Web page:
Preferred Name

Nicole Gilbertson

Creative Commons License

Creative Commons License
This work is licensed under a Creative Commons Attribution-Noncommercial-No Derivative Works 4.0 License.

Date of Graduation

Spring 2015

Document Type


Degree Name

Master of Science (MS)


Department of Kinesiology


Elizabeth Skidmore Edwards

Jeremy D Akers



Purpose: The purpose of this study is to determine if Health Related Quality of Life (HRQOL) and perceived exercise enjoyment are greater in a run sprint interval training (RSIT) group compared to a moderate intensity training (MIT) group in sedentary, prediabetic adults after an 8-week intervention.

Methods: Over 8-weeks, subjects in the RSIT group progressed from 4 to 6 30-second sprints per session, and the MIT group progressed from 30 to 60 minutes of continuous moderate intensity exercise. Participants in both groups completed 8-weeks of the Centers for Disease Control and Prevention (CDC) Diabetes Prevention Program educational classes. HRQOL (assessed by the CDC 4-item Healthy Days Core Module), perceived exercise enjoyment (assessed by the physical activity enjoyment scale, PACES), exercise adherence, VO2max, and body composition were assessed in both groups.

Results: There was no significant difference from baseline to 8-weeks in Healthy Days in the RSIT group (p = 0.833) or the MIT group (p = 0.080). There were also no significant differences between or within groups at baseline or 8-weeks for self-reported days of negative physical health, mental health, or affected usual days scores. There was no significant difference in exercise adherence between the MIT (20.75±2.71 sessions) and RSIT (20.57±1.40 sessions) groups. There was no significant difference between groups in perceived enjoyment, however there was a significant increase from baseline to 8-weeks in the MIT group (11.88±12.38; p = 0.030). 8-weeks of MIT significantly improved body composition measures including body weight (-9.35±6.21; p = 0.004), % body fat (-2.015±1.88; p = 0.019), body mass index (-1.21±1.07; p = 0.015), and % lean mass (2.05±1.84; p = 0.016). RSIT significantly improved VO2max (mL/kg/min) (1.84±1.70; p = 0.028) over 8-weeks.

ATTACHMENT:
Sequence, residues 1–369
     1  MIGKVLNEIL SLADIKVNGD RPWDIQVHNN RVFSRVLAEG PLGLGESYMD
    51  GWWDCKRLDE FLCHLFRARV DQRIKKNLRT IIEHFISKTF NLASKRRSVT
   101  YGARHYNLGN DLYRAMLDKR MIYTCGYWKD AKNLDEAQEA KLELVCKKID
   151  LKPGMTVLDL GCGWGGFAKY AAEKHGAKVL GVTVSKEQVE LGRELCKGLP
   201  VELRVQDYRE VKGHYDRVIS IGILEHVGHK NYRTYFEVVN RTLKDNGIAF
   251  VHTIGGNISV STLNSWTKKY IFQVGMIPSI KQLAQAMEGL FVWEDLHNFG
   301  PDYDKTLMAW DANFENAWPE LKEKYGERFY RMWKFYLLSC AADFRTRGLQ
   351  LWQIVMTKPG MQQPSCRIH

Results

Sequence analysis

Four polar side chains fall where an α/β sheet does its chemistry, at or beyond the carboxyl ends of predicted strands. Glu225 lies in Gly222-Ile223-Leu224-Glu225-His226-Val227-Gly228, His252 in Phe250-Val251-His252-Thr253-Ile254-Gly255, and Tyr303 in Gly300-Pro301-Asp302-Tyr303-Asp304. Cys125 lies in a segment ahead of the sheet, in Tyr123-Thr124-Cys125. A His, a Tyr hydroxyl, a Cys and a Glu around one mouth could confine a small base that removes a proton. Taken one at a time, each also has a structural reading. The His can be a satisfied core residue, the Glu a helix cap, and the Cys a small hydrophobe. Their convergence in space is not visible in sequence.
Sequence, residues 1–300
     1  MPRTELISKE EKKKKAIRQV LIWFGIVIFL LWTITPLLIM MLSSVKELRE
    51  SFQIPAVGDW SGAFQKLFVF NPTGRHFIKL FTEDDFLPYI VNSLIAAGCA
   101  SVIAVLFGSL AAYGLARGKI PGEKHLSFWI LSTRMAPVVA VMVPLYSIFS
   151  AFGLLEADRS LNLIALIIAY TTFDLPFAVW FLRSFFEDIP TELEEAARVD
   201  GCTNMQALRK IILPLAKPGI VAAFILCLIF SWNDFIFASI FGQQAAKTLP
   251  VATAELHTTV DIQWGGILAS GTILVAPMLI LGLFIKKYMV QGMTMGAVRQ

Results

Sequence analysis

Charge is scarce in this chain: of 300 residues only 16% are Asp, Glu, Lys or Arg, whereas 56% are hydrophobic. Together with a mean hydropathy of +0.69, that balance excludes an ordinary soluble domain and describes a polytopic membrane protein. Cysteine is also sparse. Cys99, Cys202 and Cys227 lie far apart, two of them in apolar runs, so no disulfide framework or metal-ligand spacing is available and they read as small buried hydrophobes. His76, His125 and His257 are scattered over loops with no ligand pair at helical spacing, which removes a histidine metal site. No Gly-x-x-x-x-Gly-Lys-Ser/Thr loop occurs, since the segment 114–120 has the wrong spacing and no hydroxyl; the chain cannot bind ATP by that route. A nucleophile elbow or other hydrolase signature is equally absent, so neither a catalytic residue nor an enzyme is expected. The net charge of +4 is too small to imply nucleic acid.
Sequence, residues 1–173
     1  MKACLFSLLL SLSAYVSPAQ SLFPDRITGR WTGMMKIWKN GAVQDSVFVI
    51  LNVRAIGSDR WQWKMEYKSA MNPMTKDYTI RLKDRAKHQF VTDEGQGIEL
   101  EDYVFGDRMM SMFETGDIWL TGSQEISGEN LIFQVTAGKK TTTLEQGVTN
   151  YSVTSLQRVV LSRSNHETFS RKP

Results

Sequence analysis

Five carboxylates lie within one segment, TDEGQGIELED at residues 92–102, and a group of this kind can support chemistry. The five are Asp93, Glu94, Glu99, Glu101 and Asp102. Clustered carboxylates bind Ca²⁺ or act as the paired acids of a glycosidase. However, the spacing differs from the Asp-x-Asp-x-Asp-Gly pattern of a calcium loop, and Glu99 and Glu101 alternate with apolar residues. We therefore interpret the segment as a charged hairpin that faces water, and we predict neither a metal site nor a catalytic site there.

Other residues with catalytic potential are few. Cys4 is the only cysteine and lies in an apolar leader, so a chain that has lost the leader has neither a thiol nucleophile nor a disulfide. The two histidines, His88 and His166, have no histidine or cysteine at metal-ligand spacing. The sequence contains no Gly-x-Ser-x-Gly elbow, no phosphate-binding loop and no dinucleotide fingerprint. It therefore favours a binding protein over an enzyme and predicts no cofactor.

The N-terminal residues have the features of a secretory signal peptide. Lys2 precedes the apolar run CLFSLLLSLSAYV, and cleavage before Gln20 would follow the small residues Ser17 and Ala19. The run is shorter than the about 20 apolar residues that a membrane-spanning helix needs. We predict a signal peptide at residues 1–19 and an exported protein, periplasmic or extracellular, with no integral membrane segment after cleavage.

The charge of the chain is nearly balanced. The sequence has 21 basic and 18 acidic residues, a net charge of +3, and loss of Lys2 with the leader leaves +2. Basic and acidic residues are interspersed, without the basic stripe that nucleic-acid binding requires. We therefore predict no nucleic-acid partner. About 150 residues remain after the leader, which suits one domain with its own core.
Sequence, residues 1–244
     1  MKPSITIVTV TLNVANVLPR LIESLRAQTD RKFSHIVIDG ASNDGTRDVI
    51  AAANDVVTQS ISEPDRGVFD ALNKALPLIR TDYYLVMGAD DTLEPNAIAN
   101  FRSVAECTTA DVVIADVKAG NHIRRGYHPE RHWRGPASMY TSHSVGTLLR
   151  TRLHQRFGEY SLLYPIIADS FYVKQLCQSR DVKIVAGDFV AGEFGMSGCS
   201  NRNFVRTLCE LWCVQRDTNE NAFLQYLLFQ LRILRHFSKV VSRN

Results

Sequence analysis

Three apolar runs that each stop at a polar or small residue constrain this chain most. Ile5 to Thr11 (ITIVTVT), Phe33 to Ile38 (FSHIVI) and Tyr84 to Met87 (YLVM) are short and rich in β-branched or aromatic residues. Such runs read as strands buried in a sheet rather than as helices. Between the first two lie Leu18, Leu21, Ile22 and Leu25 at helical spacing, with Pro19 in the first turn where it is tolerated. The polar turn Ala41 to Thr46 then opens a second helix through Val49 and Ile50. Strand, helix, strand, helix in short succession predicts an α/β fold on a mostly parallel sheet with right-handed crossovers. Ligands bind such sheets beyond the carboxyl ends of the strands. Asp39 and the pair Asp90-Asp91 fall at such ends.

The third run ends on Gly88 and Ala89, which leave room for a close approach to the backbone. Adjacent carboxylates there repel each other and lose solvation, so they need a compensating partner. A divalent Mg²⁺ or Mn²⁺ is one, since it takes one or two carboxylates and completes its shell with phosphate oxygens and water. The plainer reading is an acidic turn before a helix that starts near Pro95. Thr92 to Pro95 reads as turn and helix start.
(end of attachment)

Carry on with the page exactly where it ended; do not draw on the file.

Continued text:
Discussion: The practical implications of there being no significant difference between RSIT and MIT in perceived exercise enjoyment, exercise adherence, or HRQOL shows participants can choose their exercise preference. A significant improvement in PACES scores for the MIT may be a result of stronger social relationships formed. 8-weeks may have proven to not be long enough to see significant between or within group differences in HRQOL scores.